10. 10. No “incident to” for commercial <ul><li>The concept of “incident to” billing does not exist for commercial, managed care and other third party payers </li></ul><ul><li>Billing providers may work with NPPs as appropriate to the situation </li></ul><ul><li>Must meet the standard of care </li></ul><ul><li>Patient satisfaction is always important </li></ul><ul><li>Signature always required for PAs </li></ul>
  11. 11. Direct Billing - Medicare <ul><li>Clinical psychologists, clinical nurse specialists, nurse practitioners and physician assistants may obtain a billing number and bill Medicare directly </li></ul><ul><li>May bill for anything within the state-determined scope of practice at any site </li></ul><ul><li>Generally pays 85% of physician reimbursement </li></ul><ul><li>No physician signature requirements for Medicare; however the state requires a physician signature for all PA services </li></ul>
  12. 12. Direct Billing - Medicaid <ul><li>Clinical psychologists, clinical nurse specialists, nurse practitioners, and nurse midwives, and certain other NPPs may obtain a billing number and bill Medicaid directly </li></ul><ul><li>May bill for anything within their state-determined scope of practice at any site </li></ul><ul><li>Pays 100% of physician reimbursement </li></ul>
  13. 13. Direct Billing - Medicaid <ul><li>Clinical psychologists and other non-psychiatrists cannot treat and bill Medicaid for mental health services to patients over 20 </li></ul><ul><li>PAs cannot obtain a Medicaid billing number and cannot bill directly </li></ul><ul><li>No physician signature requirements for direct billing by NPPs </li></ul>
  14. 14. Direct Billing - Commercial <ul><li>Most commercial carriers and managed care organizations do not accept direct billings by NPPs </li></ul>
  15. 15. Where To Get Help <ul><li>School of Medicine Compliance Office 843-8638 </li></ul><ul><ul><li>Heather Scott, CPC, Compliance Auditor </li></ul></ul><ul><ul><li>Wendy Smith, CPC, Compliance Auditor </li></ul></ul><ul><ul><li>Charles Foskey, Compliance Officer </li></ul></ul><ul><ul><li>Chris Agosto, Office Manager </li></ul></ul><ul><li>Confidential Help Line 800-362-2921 </li></ul>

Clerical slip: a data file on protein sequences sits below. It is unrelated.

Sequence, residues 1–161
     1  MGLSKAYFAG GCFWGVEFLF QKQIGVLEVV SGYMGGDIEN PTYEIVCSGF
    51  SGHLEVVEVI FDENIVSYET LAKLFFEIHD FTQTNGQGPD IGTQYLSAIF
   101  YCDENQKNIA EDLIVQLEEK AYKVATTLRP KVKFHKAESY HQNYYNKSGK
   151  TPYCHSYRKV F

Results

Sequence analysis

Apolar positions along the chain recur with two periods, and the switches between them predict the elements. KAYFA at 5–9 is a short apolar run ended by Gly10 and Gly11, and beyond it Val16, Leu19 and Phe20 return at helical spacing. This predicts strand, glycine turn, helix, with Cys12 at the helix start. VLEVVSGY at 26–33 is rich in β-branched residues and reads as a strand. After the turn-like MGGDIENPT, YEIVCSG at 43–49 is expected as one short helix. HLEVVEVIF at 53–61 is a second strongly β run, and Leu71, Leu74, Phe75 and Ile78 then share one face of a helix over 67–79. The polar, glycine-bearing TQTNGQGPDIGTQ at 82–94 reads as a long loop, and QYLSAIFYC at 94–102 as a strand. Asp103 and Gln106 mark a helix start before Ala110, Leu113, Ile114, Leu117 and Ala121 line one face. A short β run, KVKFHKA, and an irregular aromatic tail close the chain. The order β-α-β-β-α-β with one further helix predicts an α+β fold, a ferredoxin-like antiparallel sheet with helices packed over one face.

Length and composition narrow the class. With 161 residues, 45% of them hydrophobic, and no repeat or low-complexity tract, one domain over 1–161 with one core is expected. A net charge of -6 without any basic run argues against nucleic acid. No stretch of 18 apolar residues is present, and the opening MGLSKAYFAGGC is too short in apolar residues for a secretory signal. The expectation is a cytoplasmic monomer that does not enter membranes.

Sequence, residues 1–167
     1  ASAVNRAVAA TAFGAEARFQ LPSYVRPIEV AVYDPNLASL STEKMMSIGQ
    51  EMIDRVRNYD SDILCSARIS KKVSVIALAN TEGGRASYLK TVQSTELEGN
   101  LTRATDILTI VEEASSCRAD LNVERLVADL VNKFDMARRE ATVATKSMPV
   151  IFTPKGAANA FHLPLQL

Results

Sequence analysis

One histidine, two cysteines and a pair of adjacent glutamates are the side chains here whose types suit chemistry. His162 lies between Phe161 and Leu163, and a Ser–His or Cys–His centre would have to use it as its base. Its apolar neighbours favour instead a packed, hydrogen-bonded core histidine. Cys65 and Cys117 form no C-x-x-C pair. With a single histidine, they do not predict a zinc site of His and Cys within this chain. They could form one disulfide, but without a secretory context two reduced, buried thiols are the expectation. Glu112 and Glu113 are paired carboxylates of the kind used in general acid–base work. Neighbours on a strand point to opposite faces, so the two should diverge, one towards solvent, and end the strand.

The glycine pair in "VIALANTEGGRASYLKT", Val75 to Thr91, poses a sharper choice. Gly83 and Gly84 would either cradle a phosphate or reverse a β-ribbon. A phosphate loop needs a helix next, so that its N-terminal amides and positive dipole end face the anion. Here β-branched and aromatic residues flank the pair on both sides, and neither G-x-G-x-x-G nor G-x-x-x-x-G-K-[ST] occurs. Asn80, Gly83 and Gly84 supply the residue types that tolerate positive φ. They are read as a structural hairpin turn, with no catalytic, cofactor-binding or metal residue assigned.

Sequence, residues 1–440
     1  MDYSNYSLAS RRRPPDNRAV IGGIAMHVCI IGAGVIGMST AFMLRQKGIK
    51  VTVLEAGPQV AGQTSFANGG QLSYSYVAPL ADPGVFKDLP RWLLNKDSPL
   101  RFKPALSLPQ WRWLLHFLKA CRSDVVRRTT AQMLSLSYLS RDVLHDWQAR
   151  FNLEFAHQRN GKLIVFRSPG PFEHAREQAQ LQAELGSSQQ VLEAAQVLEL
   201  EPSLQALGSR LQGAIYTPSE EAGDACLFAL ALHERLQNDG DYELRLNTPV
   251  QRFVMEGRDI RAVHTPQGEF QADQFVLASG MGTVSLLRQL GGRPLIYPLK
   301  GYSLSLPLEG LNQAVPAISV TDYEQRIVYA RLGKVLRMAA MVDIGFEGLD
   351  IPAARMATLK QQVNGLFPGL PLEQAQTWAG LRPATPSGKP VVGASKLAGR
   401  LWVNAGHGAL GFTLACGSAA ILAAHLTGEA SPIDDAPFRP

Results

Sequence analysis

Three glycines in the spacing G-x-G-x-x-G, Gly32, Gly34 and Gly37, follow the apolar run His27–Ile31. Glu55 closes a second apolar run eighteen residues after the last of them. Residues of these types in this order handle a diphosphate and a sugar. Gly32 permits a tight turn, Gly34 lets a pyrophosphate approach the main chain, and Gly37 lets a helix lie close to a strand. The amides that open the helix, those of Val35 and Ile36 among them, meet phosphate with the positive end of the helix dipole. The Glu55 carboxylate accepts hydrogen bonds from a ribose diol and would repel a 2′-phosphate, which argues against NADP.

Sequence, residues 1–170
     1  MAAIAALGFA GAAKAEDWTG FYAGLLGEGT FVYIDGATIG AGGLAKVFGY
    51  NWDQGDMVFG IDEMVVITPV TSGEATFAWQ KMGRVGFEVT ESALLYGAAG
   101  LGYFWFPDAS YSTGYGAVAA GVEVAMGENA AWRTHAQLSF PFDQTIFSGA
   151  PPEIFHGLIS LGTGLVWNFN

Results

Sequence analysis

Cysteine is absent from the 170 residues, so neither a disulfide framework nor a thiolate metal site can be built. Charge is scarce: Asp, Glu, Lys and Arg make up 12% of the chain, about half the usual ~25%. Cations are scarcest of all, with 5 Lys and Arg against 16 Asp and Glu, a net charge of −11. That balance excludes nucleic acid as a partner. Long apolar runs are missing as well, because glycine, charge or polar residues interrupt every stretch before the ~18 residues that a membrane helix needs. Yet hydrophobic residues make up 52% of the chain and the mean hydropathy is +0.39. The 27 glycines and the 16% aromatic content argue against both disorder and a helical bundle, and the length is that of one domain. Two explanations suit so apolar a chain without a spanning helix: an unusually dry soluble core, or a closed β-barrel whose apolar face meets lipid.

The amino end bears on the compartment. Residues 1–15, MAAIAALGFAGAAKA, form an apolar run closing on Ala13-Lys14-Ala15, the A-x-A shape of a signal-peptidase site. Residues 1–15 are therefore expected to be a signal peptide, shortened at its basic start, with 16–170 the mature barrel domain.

16. 16. In closing… <ul><li>Congratulations on recognition and increased independence </li></ul><ul><li>NPPs have increased responsibility for knowing state rules governing their respective practices </li></ul><ul><li>NPPs have increased responsibility for knowing insurance-specific billing rules </li></ul><ul><li>Leadership and communication are critical </li></ul>
  17. 17. Proper Teaching Physician Attestation <ul><li>Document seeing and/or examining patient </li></ul><ul><li>Refer to resident’s note </li></ul><ul><li>Make a summary comment about the history </li></ul><ul><li>Comment on the physical exam </li></ul><ul><li>Comment on medical decision making </li></ul><ul><ul><li>Only 2 of 3 areas need noting for established patients </li></ul></ul>
  18. 18. Teaching Physician Attestation <ul><li>Unacceptable, non-specific note: “The above patient was seen concurrently with Dr. Smith (resident). I obtained a history from the patient, performed a physical exam and participated in the medical decision making.” </li></ul>
  19. 19. Teaching Physician Attestation Acceptable, specific-to-patient note: “ Patient seen and discussed with Dr. Resident, whose note is available for further detail. Mr. Patient complains of intermittent chest pain. Personal findings on exam: Heart-regular, rate of 68. Chest-clear. BP remains elevated at 180/100. Will increase Inderal and proceed with remainder of treatment plan as noted above.”